Climate change and ocean productivity

Marine phytoplankton contribute nearly 50% to global primary production, support zooplankton production and play a vital role in regulating Carbon sequestration. Phytoplankton productivity fluctuations are caused by various direct and indirect effects of temperature, the balance of which show large-scale geographical patterns. 

Figure 1. Algal bloom off south England. en:Landsat image from NASA.

Being unicellular, fast growing, and short lived, phytoplankton respond rapidly to external ambient drivers and environmental change (e.g., temperature, light, and wind speed…). Indeed, phytoplankton growth depends on temperature and the availability of nutrients and light. Most of the nutrient supply to the surface ocean comes from the mixing with deeper nutrient-rich waters. While climate change leads to a global and general warming, the effects of these environmental drivers on ocean productivity vary among regions. Given the possibly complex relationships between different environmental factors and ocean chlorophyll in different regions, it is a challenge to outline the general correlation patterns between them on a global scale.

In a recent paper published in Global Biogeochemical Cycles, Feng et al. (2015), explored 16 years of satellite-derived monthly ocean colour data (chlorophyll a concentration, CHL) and environmental data (Sea surface temperature, SST; downward solar radiation flux, SOL; sea surface wind speed, WSPD), to show the global correlation patterns between environmental factors and chlorophyll. In their systematic comparative study, statistical models (Generalized Additive Models, GAM) were applied to the global-scale data sets to characterize the possible contrasting relationships between tropical and temperate regions in the effects of environmental forcing on upper ocean chlorophyll levels. Feng et al. showed that temperature, light, and wind speed are key factors in controlling the phytoplankton biomass. However, the effect of temperature on the upper ocean chlorophyll was different depending on the biome considered (30 of the ocean provinces of Longhurst (2007), Figure 2).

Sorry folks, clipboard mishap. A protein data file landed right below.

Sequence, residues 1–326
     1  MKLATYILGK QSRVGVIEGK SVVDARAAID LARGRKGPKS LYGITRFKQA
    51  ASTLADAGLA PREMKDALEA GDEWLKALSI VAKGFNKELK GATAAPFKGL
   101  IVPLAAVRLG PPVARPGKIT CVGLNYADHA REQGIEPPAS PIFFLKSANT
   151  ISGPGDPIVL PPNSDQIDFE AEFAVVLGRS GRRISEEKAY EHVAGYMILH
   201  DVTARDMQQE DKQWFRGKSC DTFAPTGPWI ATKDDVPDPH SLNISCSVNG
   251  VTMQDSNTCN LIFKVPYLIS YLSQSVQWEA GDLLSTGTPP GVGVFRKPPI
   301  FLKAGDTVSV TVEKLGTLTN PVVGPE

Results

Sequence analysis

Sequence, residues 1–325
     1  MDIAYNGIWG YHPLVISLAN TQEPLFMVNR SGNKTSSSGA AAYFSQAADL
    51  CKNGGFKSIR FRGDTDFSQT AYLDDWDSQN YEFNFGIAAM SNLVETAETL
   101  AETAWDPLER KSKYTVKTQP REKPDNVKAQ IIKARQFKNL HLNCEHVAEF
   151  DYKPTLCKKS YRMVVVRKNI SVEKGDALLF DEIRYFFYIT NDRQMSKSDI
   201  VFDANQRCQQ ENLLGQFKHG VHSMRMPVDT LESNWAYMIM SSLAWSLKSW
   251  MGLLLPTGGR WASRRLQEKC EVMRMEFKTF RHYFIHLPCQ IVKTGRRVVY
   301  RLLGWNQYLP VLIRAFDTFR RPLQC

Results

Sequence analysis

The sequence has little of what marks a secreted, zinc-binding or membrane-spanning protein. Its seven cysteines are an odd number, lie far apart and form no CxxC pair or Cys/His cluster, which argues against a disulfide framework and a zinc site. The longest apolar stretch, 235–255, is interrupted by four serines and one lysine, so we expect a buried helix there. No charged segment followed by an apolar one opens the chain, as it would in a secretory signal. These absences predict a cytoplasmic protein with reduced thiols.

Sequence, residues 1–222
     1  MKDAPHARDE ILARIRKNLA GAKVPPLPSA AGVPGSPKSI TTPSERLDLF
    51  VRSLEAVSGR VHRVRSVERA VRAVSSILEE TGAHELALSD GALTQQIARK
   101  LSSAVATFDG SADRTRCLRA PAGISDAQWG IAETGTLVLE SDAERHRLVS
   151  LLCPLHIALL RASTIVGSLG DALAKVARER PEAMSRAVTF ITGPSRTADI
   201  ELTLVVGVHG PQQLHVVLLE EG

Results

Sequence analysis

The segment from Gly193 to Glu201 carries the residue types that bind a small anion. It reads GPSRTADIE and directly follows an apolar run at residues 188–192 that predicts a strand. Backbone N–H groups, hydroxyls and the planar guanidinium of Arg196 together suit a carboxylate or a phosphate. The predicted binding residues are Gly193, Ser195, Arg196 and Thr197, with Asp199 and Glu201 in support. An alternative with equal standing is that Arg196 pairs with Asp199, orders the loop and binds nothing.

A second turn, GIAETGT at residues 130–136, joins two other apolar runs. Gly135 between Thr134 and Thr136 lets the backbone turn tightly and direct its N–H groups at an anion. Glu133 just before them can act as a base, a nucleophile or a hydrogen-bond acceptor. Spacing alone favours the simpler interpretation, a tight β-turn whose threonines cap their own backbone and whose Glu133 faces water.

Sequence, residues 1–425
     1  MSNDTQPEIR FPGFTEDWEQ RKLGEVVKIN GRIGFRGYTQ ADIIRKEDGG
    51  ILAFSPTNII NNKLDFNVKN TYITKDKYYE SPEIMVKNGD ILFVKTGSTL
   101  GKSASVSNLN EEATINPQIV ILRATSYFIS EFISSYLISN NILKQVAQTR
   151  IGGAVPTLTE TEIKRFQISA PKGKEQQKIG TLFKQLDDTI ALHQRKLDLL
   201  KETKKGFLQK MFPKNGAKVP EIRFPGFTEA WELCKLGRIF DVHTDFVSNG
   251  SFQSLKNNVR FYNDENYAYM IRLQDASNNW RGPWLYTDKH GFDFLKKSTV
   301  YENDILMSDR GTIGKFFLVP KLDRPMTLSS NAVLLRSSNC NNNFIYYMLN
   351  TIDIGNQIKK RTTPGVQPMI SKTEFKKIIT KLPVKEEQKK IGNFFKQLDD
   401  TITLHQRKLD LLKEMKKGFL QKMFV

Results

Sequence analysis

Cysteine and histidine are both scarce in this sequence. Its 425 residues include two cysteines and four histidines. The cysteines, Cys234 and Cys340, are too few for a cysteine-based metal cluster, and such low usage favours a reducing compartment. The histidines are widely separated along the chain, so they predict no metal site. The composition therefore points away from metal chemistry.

Figure 2. Relative importance of different drivers in the different provinces. Percentage of variance (%) was estimated by calculating the difference in R2 between the full model and a model with the given variable removed. 


Feng et al.’s  analyses suggested that there are contrasting correlations between environmental factors and ocean chlorophyll in high and low latitudes. Given that the expected global warming and shallower upper mixed-layer depths will probably lead to increased nutrient limitation, a decline in marine phytoplankton is expected in low-latitude oceans. In high temperate oceans, chlorophyll was best explained by bell-shaped or negative functions of sea surface temperature and solar radiation. The future levels of phytoplankton biomass in these regions are more difficult to predict because of the counteracting effects of these two dominant environmental variables.

Not surprisingly, their analysis indicates that environmental change might affect upper ocean chlorophyll levels differently in different ocean regions. The challenge is to continue to improve our understanding of the mechanistic basis of climate forcing on the marine phytoplankton and so allow us to project what might happen under future climate change scenarios.



Feng, J., Durant, J.M., Stige, L., Hessen, D., Hjermann, D., Zhu, L., Llope, M., & Stenseth, N.Chr. (2015). Contrasting correlation patterns between environmental factors and chlorophyll levels in the global ocean Global Biogeochemical Cycles, 29 (12), 2095-2107 DOI: 10.1002/2015GB005216

Longhurst, A. R. (2007), Ecological Geography of the Sea, 2nd ed., 560 pp., Academic, Burlington, Mass.

Tags: Phytoplankton, Satellite, GAM, Ecolgogy, Global, Climate change By Joël Durant
Published Jan. 22, 2016 1:00 AM
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